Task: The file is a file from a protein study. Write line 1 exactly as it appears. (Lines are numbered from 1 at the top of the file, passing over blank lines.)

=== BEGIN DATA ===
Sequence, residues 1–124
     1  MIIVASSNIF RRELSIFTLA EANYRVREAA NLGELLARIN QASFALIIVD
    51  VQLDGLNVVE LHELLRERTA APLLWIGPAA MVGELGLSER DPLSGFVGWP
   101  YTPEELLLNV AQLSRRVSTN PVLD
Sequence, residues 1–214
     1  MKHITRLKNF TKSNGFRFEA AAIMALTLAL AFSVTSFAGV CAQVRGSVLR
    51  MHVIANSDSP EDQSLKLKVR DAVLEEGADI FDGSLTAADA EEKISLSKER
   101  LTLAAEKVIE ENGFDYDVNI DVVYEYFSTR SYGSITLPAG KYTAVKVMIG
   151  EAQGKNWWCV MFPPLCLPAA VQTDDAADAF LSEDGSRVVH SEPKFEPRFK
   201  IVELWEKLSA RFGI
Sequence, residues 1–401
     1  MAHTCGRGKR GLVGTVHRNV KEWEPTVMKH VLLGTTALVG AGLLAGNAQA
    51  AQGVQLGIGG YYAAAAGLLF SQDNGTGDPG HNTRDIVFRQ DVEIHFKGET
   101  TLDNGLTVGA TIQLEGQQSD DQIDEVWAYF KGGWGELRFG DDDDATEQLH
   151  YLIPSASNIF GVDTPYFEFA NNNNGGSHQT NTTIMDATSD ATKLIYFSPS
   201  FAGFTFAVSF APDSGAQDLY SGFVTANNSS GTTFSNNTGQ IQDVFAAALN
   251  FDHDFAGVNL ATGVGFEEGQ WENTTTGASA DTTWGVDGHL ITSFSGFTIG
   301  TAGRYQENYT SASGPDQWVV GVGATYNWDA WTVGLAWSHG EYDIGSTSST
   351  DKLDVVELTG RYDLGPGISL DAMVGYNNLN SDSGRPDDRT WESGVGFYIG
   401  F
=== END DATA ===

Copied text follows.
Sequence, residues 1–124